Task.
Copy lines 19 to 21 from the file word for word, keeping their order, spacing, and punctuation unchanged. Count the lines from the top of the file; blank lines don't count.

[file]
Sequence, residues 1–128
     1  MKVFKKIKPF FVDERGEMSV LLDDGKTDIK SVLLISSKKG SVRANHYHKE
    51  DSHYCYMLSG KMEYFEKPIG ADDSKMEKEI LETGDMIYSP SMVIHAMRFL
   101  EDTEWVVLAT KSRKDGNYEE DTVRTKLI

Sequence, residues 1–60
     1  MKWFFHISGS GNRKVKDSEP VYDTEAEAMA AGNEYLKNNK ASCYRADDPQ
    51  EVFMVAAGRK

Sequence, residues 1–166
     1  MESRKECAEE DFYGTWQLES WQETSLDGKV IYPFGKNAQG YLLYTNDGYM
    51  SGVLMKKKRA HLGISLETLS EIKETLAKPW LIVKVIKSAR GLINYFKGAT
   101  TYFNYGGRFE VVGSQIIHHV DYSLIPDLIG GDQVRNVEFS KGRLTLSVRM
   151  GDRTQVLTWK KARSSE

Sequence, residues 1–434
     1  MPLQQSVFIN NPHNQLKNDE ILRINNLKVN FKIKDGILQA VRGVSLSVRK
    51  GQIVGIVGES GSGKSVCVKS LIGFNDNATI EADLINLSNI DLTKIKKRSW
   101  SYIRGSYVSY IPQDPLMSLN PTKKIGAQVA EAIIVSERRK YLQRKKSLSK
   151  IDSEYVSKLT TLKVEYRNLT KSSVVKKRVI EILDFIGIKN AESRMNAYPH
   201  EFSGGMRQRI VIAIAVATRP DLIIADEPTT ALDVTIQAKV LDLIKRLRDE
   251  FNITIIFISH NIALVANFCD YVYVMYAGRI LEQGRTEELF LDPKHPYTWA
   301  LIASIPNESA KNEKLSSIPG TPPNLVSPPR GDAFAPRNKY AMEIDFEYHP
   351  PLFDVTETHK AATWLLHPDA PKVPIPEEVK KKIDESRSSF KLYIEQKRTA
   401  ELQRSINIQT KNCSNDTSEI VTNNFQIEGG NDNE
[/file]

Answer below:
   251  FNITIIFISH NIALVANFCD YVYVMYAGRI LEQGRTEELF LDPKHPYTWA
   301  LIASIPNESA KNEKLSSIPG TPPNLVSPPR GDAFAPRNKY AMEIDFEYHP
   351  PLFDVTETHK AATWLLHPDA PKVPIPEEVK KKIDESRSSF KLYIEQKRTA